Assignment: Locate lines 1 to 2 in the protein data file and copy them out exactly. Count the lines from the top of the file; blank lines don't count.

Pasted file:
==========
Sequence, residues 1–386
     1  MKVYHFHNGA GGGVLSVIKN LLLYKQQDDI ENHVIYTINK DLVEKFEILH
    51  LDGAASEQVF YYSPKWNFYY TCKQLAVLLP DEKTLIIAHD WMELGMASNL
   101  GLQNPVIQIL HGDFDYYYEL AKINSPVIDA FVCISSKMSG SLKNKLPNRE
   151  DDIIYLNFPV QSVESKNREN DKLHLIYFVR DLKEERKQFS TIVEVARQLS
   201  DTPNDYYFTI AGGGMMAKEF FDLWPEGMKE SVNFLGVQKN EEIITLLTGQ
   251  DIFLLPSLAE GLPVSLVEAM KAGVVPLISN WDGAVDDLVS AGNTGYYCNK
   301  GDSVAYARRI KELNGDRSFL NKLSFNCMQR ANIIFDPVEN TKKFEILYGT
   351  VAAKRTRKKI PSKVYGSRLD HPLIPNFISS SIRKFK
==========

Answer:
Sequence, residues 1–386
     1  MKVYHFHNGA GGGVLSVIKN LLLYKQQDDI ENHVIYTINK DLVEKFEILH